Speaking in an interview at the Rio de Janeiro Industrial Federation (Firjan),in Brazil, Brazilian Minister of Finance, Antonio Palocci, declared that based on real income and retail sales data, if the country can maintain economic stability and the flexible monetary policy already installed by the Central Bank, "there is a clear tendency for Brazil to continue on a long growth cycle."
Palocci pointed out that for over two decades the country’s social and economic inequalities were substantially unchanged. "What we now see, not only in our government, is an effort over a period of years that has resulted in a reduction in the difference between the income of Brazil’s richest and poorest. The poverty level has improved, so has the Gini curve," said the Minister.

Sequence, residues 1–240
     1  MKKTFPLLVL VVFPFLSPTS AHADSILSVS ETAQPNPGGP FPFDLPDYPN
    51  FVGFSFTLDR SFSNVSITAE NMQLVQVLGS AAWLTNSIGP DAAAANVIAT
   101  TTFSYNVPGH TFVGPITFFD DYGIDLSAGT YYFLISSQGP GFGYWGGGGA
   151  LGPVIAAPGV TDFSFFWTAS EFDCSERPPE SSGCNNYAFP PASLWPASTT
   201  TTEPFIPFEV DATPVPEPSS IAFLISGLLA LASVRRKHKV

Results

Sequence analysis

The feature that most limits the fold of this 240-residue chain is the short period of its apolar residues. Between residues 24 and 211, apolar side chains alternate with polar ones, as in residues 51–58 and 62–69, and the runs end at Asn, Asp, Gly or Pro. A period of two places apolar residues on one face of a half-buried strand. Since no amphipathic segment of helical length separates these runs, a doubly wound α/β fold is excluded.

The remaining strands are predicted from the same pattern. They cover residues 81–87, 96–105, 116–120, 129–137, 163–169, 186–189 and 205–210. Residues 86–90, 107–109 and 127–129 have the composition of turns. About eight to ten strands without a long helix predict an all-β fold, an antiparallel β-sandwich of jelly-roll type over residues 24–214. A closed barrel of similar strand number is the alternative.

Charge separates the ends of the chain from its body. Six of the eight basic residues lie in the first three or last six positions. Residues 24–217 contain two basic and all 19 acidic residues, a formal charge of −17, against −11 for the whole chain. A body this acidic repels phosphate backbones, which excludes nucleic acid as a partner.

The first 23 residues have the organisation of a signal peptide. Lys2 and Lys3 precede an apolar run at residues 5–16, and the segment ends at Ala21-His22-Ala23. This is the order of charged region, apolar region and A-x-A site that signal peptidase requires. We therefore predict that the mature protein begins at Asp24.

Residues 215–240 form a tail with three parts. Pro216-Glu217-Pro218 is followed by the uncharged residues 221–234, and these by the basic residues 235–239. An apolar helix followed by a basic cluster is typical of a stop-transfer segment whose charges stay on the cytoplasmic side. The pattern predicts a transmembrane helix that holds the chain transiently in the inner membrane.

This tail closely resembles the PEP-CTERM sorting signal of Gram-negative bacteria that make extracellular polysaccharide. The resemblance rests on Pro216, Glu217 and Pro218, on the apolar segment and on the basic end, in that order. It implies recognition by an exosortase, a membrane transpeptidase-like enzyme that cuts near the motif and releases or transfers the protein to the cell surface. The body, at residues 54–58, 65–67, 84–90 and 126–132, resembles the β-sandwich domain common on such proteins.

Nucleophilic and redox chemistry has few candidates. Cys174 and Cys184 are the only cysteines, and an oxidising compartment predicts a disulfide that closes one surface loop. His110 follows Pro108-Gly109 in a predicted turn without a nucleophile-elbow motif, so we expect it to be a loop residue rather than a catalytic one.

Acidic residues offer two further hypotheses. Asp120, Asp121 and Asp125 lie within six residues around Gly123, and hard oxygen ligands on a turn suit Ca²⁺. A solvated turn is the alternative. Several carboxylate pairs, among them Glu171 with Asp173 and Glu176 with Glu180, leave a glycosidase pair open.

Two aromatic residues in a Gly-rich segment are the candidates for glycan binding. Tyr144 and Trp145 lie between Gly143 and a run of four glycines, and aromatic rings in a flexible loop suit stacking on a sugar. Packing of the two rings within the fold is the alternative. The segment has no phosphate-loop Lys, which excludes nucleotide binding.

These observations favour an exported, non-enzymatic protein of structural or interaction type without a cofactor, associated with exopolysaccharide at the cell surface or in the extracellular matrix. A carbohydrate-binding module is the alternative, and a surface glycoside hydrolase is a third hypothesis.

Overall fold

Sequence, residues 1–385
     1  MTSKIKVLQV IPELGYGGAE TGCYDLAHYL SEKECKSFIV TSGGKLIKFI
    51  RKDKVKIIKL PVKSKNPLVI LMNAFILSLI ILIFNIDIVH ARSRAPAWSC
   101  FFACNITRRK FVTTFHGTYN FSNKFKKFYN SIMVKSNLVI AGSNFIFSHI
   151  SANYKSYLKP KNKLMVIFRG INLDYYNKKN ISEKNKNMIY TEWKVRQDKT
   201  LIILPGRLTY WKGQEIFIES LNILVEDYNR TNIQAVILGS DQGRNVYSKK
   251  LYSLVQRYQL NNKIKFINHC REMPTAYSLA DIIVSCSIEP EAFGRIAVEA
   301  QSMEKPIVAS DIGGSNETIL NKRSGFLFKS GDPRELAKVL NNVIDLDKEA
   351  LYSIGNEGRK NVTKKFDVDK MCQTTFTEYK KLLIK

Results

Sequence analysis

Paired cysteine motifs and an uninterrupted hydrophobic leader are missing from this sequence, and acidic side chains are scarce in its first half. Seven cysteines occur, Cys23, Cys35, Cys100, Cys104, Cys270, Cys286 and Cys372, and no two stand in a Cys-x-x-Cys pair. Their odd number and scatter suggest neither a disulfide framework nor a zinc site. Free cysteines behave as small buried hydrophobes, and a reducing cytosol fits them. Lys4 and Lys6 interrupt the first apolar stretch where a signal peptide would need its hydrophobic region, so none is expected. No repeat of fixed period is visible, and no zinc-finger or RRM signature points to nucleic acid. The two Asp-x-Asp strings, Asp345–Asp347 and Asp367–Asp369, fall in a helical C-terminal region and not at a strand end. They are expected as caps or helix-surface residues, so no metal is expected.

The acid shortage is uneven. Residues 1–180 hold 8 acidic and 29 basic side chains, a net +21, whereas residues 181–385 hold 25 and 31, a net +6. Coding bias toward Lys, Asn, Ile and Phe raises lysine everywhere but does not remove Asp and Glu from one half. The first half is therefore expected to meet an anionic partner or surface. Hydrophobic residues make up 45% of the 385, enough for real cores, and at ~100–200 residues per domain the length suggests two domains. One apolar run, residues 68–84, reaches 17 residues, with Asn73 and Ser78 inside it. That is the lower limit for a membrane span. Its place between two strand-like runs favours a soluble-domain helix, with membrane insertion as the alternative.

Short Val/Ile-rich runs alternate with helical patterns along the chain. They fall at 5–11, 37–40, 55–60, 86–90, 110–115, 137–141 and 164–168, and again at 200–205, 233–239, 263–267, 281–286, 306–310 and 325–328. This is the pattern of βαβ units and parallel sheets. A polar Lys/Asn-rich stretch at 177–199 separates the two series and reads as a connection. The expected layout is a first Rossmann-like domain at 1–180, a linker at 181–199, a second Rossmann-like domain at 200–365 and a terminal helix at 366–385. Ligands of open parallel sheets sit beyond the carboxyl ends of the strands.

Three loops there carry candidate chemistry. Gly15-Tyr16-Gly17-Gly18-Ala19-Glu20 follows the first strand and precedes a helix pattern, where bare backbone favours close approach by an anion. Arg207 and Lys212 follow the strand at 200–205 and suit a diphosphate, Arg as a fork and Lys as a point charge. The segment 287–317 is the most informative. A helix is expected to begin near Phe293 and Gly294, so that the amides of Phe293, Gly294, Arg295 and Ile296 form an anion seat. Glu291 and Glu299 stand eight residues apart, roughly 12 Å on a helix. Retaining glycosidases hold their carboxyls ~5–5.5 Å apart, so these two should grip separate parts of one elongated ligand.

He went on to say that 2.5 million people have risen above the poverty line, a result of "the work that Brazil is doing."
Palocci admitted that the fight against inflation has been costly, recalling that in 2003 "with an economic crisis the interest rate rose to 25% per year."
He concluded by saying that the Central Bank had to deal with an inflation spike at the end of last year that pushed it up to 8%, but that this year it will be around 5% because of strong monetary policy. "Sometimes it is necessary to pay the price of a rigid monetary policy so we can ensure long-term growth," said Palocci.